Have you heard of the Moor Otters Trail? If you are visiting Devon this summer then it’s a great way to explore the Dartmoor area and have some fun with the kids while you’re at it. If you’ve been following my Twitter account, you’ll know my 5 year old daughter and I went to Dartmoor to find out more about the trail and to hunt down as many otters as we could find during our recent road trip.
Over 100 otters have been designed by local and UK artists and dotted around various locations across Dartmoor and Devon. The otter is an indigenous local species, but only a few years ago they were nearly extinct. The otter numbers are making a strong comeback in the area, but Dartmoor’s natural landscape is particularly fragile. The Moor Otter Trail is a way of raising people’s awareness of this local issue and raising money to support initiatives to protect the natural habitat.
When my daughter heard that we were going to be otter hunting, she was so excited and couldn’t wait to get started. Our first stop was The Bedford Hotel in Tavistock and they have a lovely otter nestled in their wonderful walled garden at the end of the carpark. After an exceptional dinner and catching up with some much needed sleep after Camp Bestival, we started otter hunting in Tavistock the very next day.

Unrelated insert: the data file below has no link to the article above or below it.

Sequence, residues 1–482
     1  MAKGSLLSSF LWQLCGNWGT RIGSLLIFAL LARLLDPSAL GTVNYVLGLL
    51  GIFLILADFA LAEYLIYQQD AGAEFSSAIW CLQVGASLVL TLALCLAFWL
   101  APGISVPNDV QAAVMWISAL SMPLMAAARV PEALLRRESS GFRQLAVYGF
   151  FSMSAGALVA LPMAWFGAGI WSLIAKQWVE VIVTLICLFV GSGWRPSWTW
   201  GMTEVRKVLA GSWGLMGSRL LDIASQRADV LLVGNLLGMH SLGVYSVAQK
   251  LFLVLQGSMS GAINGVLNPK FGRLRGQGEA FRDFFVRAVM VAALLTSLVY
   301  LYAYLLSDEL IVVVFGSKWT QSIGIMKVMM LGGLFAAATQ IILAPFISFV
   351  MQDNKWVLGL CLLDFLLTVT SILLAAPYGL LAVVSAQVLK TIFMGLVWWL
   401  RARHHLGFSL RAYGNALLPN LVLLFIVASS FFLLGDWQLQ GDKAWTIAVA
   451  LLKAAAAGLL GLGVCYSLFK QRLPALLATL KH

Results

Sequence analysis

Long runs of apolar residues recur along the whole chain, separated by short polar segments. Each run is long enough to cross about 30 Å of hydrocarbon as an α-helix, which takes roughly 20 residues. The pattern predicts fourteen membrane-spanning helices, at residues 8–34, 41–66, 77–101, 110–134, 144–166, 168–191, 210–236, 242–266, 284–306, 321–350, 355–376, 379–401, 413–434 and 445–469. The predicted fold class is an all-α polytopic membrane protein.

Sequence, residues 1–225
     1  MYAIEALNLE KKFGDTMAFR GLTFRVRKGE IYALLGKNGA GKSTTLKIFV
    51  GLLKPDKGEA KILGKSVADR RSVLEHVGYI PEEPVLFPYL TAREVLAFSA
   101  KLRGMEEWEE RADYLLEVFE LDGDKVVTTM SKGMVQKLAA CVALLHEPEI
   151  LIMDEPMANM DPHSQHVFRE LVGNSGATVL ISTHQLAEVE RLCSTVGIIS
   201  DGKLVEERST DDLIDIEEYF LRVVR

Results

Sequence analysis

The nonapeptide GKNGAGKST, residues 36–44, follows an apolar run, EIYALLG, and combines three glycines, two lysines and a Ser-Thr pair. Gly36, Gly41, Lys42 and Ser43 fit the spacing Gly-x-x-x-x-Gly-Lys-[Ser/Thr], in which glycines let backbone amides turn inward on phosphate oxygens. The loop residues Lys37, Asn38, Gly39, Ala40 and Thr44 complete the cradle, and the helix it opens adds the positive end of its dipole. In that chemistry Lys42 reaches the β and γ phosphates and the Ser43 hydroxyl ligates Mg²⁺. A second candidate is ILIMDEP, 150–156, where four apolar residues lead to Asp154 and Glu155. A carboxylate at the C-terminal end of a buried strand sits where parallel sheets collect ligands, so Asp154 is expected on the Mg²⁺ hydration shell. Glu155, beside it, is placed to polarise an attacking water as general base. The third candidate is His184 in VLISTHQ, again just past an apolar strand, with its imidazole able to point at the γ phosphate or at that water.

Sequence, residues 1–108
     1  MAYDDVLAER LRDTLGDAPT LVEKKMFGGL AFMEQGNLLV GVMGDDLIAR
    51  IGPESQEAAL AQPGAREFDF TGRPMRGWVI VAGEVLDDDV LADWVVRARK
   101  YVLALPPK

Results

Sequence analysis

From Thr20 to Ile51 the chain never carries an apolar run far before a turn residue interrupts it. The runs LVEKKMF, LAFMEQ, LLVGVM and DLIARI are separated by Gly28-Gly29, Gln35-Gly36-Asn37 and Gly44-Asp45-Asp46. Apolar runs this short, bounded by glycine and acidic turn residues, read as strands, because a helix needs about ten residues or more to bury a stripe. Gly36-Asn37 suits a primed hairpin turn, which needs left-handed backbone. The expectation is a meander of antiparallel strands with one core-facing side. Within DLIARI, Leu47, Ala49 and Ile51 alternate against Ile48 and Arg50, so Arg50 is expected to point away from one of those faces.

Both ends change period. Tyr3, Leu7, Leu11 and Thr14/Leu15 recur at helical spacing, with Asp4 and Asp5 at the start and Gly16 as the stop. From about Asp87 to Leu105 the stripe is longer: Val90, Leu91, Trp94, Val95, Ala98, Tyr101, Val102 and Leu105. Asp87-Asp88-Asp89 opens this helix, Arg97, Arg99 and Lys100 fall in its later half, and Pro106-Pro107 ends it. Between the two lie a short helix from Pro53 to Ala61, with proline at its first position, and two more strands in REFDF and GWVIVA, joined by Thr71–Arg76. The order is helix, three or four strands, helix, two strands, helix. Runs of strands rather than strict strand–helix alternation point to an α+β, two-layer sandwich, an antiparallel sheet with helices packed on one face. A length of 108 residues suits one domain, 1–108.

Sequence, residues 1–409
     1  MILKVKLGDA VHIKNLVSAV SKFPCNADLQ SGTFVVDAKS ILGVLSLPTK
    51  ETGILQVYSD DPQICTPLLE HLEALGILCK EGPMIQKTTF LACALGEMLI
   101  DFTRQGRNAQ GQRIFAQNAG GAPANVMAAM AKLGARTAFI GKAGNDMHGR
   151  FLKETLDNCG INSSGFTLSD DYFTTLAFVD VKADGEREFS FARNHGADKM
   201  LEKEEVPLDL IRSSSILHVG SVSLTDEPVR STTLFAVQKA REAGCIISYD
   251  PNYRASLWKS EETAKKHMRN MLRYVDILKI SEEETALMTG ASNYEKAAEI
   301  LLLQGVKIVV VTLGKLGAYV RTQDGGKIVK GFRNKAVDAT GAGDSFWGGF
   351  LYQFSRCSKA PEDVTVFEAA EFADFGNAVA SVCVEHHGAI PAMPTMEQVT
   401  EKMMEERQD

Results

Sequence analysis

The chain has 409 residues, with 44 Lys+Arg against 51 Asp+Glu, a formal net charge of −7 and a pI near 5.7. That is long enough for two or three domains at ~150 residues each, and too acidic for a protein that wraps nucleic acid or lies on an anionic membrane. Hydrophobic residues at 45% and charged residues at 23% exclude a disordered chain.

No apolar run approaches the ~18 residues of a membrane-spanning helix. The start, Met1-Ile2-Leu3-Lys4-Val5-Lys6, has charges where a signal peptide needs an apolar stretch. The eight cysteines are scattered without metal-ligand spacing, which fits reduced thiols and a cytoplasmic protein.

Now, 5 year old’s aren’t so fond of pottering around towns looking at local landmarks I find. Give them a Moor Otters Trail book and a mission of finding as many as possible and all of a sudden you have a very different scenario on your hands. My daughter loved exploring Tavistock and looking for otters, and on the way we were able to enjoy some of the local landmarks too.